Robust Learning for Safe Control
Time: Wed 2021-05-19 16.00 - 17.00
Participating: Prof. Nikolai Matni, University of Pennsylvania
Bio: Nikolai Matni is an Assistant Professor in the Department of Electrical and Systems Engineering at the University of Pennsylvania, where he is also a member of the Department of Computer and Information Sciences (by courtesy), the GRASP Lab, the PRECISE Center, and the Applied Mathematics and Computational Science graduate group. Prior to joining Penn, Nikolai was a postdoctoral scholar in EECS at UC Berkeley. He has also held a position as a postdoctoral scholar in the Computing and Mathematical Sciences at Caltech. He received his Ph.D. in Control and Dynamical Systems from Caltech in June 2016. He also holds B.A.Sc. and M.A.Sc. in Electrical Engineering from the University of British Columbia, Vancouver, Canada. His research interests broadly encompass the use of learning, optimization, and control in the design and analysis of safety-critical data driven autonomous systems. Nikolai is a recipient of the NSF CAREER Award (2021), a Google Research Scholar Award (2021), the IEEE ACC 2017 Best Student Paper Award (as co-advisor), and the IEEE CDC 2013 Best Student Paper Award (first ever sole author winner).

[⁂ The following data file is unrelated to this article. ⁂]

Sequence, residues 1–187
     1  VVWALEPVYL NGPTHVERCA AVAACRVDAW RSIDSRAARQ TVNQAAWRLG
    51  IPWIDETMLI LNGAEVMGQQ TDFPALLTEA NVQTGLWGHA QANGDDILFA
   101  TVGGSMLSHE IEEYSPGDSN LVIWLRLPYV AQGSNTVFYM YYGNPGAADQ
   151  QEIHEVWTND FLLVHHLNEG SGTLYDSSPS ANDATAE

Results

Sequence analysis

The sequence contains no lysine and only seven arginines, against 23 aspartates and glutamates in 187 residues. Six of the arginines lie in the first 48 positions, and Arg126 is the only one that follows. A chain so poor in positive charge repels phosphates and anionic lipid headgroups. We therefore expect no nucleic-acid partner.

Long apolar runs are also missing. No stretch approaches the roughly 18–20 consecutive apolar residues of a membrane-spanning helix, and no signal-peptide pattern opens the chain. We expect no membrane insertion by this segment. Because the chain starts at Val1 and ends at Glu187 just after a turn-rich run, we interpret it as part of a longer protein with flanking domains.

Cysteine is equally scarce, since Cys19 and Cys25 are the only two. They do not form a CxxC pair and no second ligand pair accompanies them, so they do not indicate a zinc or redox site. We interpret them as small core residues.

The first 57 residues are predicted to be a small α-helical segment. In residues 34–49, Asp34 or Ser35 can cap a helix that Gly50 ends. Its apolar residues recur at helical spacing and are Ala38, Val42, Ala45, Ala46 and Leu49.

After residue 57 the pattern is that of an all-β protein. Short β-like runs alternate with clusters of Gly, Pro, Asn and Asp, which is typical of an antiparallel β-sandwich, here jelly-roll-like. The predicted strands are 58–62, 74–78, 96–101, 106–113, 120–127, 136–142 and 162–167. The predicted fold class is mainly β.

Abstract: Designing autonomous systems that are simultaneously high-performing, adaptive, and provably safe remains an open problem. In this talk, we will argue that in order to meet this goal, new theoretical and algorithmic tools are needed that blend the stability, robustness, and safety guarantees of robust control with the flexibility, adaptability, and performance of machine and reinforcement learning. We will highlight our progress towards developing such a theoretical foundation of robust learning for safe control in the context of two case studies: (i) efficiently learning stability certificates (e.g., Lyapunov or Barrier functions) from data, and (ii) developing novel robust imitation learning algorithms that guarantee that the safety and stability properties of the expert policy are transferred to the learned policy. In both cases, we will emphasize the interplay between robust learning and robust stability and their consequences on the sample-complexity and generalizability of the resulting learning-based control algorithms.